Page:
This article analyzes the question of information control and how it influences the conduct and the study of international relations. Three theories are advanced as possible explanations for secrecy: The first, the External Threat explanation, suggests that government secrecy is designed to protect sensitive information from external enemies. The second explanation, the Bureaucratic Politics explanation, views secrecy as a relatively unsystematic process that results from the (collectively) irrational features in any government bureaucracy. The third explanation, the Internal Threat approach, argues that government officials use secrecy to mislead the populations of their own countries. These three explanations are applied to a case study of US information policy with regard to the Congo Crisis of 1960-1. The article concludes that the Congo case tends to support the Internal Threat explanation of secrecy.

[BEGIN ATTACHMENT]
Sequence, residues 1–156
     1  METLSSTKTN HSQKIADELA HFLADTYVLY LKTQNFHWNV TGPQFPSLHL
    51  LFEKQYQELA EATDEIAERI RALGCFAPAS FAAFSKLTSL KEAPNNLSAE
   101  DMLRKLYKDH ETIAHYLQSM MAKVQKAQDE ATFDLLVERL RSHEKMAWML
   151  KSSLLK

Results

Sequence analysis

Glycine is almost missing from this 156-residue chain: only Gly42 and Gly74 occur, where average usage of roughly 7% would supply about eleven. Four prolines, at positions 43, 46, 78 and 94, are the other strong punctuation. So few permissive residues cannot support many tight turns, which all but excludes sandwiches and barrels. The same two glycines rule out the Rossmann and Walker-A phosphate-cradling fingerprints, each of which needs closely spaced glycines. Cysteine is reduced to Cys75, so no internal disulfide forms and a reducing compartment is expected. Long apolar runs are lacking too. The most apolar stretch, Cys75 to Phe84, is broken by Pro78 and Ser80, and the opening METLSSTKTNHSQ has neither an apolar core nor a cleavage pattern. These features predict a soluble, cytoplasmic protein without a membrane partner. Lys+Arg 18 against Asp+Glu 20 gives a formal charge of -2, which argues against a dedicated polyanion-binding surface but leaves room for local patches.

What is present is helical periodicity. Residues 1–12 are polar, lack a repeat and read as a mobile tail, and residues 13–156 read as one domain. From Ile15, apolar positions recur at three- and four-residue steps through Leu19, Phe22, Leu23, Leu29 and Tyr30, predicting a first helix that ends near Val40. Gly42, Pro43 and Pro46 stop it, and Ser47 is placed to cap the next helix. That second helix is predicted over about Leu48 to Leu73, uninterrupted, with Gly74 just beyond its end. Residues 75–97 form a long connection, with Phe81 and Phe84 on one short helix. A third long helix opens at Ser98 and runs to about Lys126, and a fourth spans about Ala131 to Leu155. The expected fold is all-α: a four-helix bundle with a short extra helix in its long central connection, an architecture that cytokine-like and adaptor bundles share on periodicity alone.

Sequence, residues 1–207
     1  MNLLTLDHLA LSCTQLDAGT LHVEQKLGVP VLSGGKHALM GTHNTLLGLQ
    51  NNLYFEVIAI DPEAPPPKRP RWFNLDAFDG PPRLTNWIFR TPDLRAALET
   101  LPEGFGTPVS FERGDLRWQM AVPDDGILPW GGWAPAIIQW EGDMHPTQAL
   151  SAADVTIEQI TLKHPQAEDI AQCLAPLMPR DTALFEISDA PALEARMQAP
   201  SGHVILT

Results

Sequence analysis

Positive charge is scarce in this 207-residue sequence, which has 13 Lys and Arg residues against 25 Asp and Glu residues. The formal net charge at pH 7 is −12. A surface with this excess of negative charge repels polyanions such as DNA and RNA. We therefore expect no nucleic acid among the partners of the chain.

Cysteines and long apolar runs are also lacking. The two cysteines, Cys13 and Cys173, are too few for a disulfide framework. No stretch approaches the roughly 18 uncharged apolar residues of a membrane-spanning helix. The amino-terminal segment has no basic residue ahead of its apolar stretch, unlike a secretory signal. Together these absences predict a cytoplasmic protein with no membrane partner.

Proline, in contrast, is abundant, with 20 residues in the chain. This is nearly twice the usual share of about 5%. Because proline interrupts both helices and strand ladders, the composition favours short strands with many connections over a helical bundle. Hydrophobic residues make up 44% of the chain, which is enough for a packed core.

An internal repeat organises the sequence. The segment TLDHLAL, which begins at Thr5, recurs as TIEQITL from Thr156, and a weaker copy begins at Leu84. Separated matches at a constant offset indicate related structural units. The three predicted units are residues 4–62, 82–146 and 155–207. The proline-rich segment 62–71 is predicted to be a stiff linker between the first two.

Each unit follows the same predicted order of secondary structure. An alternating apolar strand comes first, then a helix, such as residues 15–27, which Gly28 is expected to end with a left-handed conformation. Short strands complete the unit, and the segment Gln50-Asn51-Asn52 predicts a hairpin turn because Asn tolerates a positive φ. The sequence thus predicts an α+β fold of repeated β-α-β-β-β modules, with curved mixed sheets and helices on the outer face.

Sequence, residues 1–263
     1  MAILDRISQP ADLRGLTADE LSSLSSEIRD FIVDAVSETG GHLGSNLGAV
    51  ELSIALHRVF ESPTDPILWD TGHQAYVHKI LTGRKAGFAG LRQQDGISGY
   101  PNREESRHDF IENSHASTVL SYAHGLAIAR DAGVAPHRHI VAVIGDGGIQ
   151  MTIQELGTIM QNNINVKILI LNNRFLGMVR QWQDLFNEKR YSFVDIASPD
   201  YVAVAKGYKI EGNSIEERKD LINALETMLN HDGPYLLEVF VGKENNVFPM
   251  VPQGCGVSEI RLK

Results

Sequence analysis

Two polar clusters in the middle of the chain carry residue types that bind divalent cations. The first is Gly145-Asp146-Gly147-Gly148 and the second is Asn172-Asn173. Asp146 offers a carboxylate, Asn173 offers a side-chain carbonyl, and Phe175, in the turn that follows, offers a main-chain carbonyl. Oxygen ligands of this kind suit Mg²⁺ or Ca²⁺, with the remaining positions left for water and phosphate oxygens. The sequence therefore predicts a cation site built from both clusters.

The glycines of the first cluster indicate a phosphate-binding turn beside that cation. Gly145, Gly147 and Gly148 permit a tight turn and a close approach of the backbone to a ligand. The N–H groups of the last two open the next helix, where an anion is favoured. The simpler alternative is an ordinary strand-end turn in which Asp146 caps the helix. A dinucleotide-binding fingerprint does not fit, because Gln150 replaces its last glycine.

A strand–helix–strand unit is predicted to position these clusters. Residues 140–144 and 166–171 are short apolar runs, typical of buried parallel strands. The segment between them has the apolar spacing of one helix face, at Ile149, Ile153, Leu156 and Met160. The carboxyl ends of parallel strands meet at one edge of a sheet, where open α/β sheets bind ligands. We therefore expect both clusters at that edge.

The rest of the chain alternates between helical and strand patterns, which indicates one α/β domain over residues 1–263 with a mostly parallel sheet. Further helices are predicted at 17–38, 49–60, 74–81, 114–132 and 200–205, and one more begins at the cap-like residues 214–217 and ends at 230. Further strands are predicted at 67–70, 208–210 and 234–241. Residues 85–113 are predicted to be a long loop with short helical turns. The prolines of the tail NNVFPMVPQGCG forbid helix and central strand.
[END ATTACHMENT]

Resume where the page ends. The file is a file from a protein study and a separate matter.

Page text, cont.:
ASJC Scopus subject areas
- Sociology and Political Science
- Safety Research
- Political Science and International Relations